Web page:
Tuesday 18th December: All tracks closed today.

10 Things to Watch: Oaklands

US Supercross 2016

maddix park mx

www.superxonline.com

By: Aaron Hansel, Chase Stallo and Jason Weigandt

James Stewart

A collision with Ryan Dungey knocked James Stewart out of the opener (and consciousness), but the Yoshimura Suzuki rider will return this weekend in Oakland. He’s all but out of championship contention at this point, but his presence will still make things more exciting—the two-time 450SX champ can mix it up with anyone on any given night. And because the dirt is similar to the dirt he has at home, Oakland is one of Stewart’s favorite tracks. He won here in 2011 and 2012. –Aaron Hansel

Full House

Stewart won’t be the only Yoshimura Suzuki rider coming back in Oakland—Blake Baggett is scheduled to line up this weekend for the first time in 2016 after breaking his collarbone, ribs, and scapula during pre-season testing. We know Baggett can go fast, he put in some great rides last year, but this is also his A1 and he’s probably just looking to test the waters before getting back into the swing of things. The Suzuki folks have to be happy to have both of their riders back together. They’ve been teammates for 18 months, but besides the Monster Energy Cup, Stewart and Baggett have never raced under the same tent on the same night! -Hansel

Baggett's last race was Monster Energy Cup.
Baggett's last race was Monster Energy Cup.Cudby

Thirteen Points

Talking about Ryan Dungey’s lead here, which is more than double the six-points he had one race prior to taking another win at A2. It may not seem like much, but when that gap is in the hands of one of the most consistent riders of all time, it might as well be a hundred points. Unless the competition wants to see Dungey and his Red Bull KTM roost off with this thing early, somebody has go to cut into that lead on Saturday night. –Hansel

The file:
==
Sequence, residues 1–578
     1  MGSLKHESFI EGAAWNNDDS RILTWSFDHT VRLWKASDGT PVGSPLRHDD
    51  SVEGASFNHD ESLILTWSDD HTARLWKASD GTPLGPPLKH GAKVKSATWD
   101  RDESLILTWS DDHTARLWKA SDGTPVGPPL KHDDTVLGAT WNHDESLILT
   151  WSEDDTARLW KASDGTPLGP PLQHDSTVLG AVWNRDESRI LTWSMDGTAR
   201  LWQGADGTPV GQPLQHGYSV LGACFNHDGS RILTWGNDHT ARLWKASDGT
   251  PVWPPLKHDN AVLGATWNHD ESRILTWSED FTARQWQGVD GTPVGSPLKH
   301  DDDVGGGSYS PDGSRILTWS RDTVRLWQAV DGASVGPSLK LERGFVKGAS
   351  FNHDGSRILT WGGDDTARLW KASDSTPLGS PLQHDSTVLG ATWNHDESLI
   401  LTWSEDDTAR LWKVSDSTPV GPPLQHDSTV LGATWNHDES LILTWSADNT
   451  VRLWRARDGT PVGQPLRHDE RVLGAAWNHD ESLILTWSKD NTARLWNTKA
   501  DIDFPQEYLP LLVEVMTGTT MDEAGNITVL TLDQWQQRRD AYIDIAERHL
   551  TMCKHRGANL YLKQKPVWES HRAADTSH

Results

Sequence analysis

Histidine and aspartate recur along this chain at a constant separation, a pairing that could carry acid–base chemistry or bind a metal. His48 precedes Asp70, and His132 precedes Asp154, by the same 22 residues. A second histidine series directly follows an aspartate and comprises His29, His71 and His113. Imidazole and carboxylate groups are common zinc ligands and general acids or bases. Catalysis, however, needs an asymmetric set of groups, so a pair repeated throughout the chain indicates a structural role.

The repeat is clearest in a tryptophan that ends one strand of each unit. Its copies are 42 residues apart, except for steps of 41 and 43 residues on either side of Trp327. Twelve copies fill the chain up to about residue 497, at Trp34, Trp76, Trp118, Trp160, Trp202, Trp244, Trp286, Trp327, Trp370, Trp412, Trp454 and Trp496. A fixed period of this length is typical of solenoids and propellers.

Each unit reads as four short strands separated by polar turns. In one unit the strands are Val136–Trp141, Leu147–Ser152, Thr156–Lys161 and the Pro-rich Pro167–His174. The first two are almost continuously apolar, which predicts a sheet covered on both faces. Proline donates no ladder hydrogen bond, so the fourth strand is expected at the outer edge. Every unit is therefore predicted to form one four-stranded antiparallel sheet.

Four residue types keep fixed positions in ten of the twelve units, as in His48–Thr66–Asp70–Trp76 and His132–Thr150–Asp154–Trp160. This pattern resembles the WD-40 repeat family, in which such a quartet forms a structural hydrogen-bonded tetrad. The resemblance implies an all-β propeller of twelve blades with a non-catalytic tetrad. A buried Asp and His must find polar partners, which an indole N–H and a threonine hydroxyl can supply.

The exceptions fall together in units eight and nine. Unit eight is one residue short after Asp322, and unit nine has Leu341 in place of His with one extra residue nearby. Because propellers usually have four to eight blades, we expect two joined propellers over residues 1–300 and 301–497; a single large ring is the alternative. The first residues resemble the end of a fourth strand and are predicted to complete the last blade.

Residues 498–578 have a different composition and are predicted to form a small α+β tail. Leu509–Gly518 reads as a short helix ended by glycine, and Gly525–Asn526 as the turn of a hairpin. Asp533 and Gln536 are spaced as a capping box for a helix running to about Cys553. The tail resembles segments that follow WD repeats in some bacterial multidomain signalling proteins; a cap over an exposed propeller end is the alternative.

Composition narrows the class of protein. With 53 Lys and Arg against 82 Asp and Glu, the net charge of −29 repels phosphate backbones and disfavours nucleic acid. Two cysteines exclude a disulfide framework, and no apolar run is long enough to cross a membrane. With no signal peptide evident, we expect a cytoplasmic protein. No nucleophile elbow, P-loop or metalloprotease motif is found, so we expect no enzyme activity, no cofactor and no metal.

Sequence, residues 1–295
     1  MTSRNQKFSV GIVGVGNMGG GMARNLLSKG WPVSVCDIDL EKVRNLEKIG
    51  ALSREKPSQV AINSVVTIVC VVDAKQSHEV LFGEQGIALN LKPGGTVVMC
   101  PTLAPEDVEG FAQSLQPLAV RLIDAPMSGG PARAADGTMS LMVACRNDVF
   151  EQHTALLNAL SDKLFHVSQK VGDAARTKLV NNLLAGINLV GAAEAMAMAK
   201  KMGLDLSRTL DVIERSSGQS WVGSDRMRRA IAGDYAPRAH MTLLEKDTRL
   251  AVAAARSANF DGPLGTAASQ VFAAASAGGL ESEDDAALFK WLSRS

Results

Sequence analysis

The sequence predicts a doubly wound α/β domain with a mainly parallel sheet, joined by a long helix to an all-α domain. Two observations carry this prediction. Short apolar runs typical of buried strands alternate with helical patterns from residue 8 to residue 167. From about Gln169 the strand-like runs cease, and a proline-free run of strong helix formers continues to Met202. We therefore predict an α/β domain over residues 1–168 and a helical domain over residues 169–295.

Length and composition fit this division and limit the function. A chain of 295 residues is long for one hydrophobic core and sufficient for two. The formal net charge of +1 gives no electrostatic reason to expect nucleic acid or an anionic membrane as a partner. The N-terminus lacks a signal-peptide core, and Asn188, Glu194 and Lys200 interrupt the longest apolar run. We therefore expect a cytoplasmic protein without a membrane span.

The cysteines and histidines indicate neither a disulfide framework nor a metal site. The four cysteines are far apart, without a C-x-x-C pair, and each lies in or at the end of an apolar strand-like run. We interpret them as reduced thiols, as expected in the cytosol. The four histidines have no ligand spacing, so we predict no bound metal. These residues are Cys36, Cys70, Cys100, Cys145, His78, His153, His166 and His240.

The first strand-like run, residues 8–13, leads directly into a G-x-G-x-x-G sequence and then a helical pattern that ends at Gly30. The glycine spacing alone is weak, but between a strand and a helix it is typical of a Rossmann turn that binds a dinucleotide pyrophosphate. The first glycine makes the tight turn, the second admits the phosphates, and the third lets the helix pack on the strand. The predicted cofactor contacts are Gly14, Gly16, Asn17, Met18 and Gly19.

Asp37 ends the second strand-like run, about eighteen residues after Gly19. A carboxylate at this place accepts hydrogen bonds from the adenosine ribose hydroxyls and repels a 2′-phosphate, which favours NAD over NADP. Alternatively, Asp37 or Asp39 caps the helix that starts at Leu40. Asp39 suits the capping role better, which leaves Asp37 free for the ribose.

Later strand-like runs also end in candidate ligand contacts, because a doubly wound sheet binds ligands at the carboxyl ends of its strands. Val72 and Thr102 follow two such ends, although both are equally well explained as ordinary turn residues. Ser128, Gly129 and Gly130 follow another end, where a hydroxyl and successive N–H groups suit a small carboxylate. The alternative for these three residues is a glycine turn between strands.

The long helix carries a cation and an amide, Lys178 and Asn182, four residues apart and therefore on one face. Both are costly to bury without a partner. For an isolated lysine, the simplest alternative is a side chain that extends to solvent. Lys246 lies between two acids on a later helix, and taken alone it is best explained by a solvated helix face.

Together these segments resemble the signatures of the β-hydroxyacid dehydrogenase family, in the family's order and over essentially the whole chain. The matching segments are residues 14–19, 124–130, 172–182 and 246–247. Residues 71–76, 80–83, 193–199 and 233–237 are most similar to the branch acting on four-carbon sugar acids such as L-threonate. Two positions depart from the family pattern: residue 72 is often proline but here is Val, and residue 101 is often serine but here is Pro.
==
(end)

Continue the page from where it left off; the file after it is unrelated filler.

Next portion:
Christian Craig

What a night from GEICO Honda’s Christian Craig at A2. Yes, Cooper Webb won again, but Craig didn’t make it easy on him. Craig even beat Webb in their heat, and went back and forth with him over and over in the main, repeatedly checking up and knifing to the inside like an angry butcher before eventually getting tight and slipping to third. Craig’s been gone from supercross for quite a while, but he’s getting back into the flow quickly. We’ll see if he’s the first to put the brakes on Webb’s rampage. -Hansel

Deceivingly Good

On paper Marvin Musquin had an okay night, taking ninth for the second week in a row, but there’s more to it than that. The Red Bull KTM rider got into the Tuff Blocks in turn one, crashed and was forced to come back from dead last. Musquin’s a 250SX Champ, and it’s only a matter of time before his skills have him battling much closer to the front. If he gets a good start in Oakland we could get a preview of that action. -Hansel

Small Steps

Jake Weimer doesn’t have unrealistic expectations on his move to Soaring Eagle/Jimmy John’s/RCH Suzuki. Eventually he wants to contend for podiums, but he knows that will come with time. “I’m not going to sit here and say, “At Oakland I can go from being an eighth or tenth place guy to a fifth place guy.” But that is the goal,” he told Racer X earlier this week. After seven years with Kawasaki, Weimer will have a week to get accustomed to a new brand and team. For now, he wants to keep his goals small. “My best finish is an eighth. I’ll try and better that. That’s the goal,” he said. “The whole thing for me this year was to not set goals that were too big.” – Chase Stallo